This is an unofficial review of the performance on Saturday 26th June, 2pm
I rode to Belvoir on the lovely winter afternoon. From Newtown, along Wilson St and along the path on Cleveland. So quick. 15 mins or something. I went the wrong way up Belvoir St to save time, which is illegal but satisfyingly steep. Belvoir does not have enough bicycle parking out the front. I don’t know if there is hidden parking elsewhere, but there are just a couple of signposts to tie your bike up to. Come the revolution, this will not be able to accommodate all the City’s cyclists, so hopefully City of Sydney will remedy this dearth of bike racks sometime in the near future.
Go bring the rabble, / O’er whom I give thee power, here to this place – Prospero (to Ariel), The Tempest, Act IV, scene one
THE RABBLE have been brought to CarriageWorks to present Cageling. Cageling is a physical exploration of the repression of grief and desire, set in an enclosed box with a perspex wall facing the audience, two seamless white walls on the sides, and a wall with a high window at the rear. When you enter the space, you are met with a cast of five. They are all in the box, wearing floor-length, black, Victorian, gothic dresses and black ballet slippers. They are lit with fluorescent lights, and arranged in an unsettling tableau. They are there as if waiting for the audience, but very little happens for the first fifteen minutes. Cageling is designed to leave you outside, distanced from the action inside this home, and it takes effort on the part of the audience to find a way into this private world. This is almost in complete contrast to the the last thing I saw in Bay 20, Matt Prest and Claire Britton’s Hole in the Wall in which you are literally invited inside the home. But, although you are left outside Cageling’s cage, if you are actively willing to find a way inside, you’ll be rewarded.
THE RABBLE are not controlled by Prospero, or Shakespeare for that matter, but they are controlled by another formidable magician, Fredericio Garcia Lorca. Cageling’s urtext is Lorca’s play The House of Bernada Alba, a drama about a recently widowed mother, who controls her grief by dominating her children. This play is “smashed open” by THE RABBLE, and rearranged through the use of ballet, contemporary dance and hymn, and enhanced by stories from Ovid, thereby exposing the unconscious, affective underbelly of the Lorca’s text. But, we keep the mother and daughters and Dan Schlusser is terrifyingly good as Mother Alba.
Mother’s rules are no weeping and no secrets. A tension is established at the outset of the work between desire and action; if you do not act, you do not desire, and you do not grieve, if you do not cry. The flawed theory, of course, is that grief and desire will disappear if they can’t find expression, therefore as long as order is kept, tears are avoided, hierarchies are respected and instructions are followed everything will be OK. But, everything is clearly not OK. Within this world the only actions Mother allows are carefully choreographed: the poised movements of ballet and the perfectly harmonised hymn. Cageling dramatises the Daughters/sons’ attempts to break free from these rules, and the Mother/father’s attempt to reinstate them. And, I use the word “dramatises” with all its conventional import in spite of the lack of the dramatic text. And I say Daughter/son, Mother/father because gender difference necessarily unclear because the work is about women without men, but who have internalised the patriarchal structure. (Actually, Women without Men by Shirin Neshat that played in the recent Sydney Film Festival, has some interesting affinities with Cageling)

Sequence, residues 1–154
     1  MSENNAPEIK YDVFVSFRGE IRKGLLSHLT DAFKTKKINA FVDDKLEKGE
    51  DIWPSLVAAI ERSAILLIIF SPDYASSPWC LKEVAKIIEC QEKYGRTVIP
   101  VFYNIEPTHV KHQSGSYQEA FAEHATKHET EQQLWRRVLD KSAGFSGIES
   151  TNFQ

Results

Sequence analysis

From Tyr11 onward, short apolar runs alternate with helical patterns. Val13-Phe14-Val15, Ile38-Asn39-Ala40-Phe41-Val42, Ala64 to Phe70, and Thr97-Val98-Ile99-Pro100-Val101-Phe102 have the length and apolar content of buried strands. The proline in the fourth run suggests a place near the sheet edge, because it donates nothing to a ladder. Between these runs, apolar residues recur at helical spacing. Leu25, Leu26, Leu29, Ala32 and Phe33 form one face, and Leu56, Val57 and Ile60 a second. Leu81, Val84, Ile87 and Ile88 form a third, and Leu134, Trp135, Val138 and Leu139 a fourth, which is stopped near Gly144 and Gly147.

There are so many dimensions to this performance, and this is because THE RABBLE put to use all the tools available to the performing artist–speech, song, silence, movement, tableau, dance, costume, gesture, vocal tone, makeup, properties, set, lighting, sound–THE RABBLE treat each aspect of the artform with equivalent importance, no element dominates, each device in turn contributing to Cageling’s emotional and physical assault.
Cageling is extraordinary, it deserves much more time that I can give it here to unfold the dark matter that is explored in the white box. Cageling requires your active attention, I think the audience are given many ways in; the sound design, dance lighting and speech all had a refrain. If you miss those clues or willingly resist the offers, you might be literally left out in the cold. But, I love difficult theatre, I like being made to work to find meaning, I love work where meaning keeps emerging for days later and there are too many threads to possibly consolidate in one short review. For example, I didn’t even get mention the headstand and the upside down penis, so, perhaps the upside down penis can be your reward if you are willing to involve yourself in Cageling.
This is an unofficial review of the Preview Performance on June 24.
I managed to get back on my bike again yesterday. The rain abated. I rode from UNSW to CarriageWorks, the ride is so easy. Bike paths almost all the way along Anzac Parade, and I get to go along one of my favourite paths in Sydney–a cresent moon shaped path that cuts between Cleveland st and South Dowling–then down Redfern St, past Redfern Station, left onto Little Eveleigh St which turns into Wilson, and bam, you’re at Carriageworks. I go the slow way, there is a quicker way through the industrial estates of Alexandria, but I like the slower pace, mostly off the road.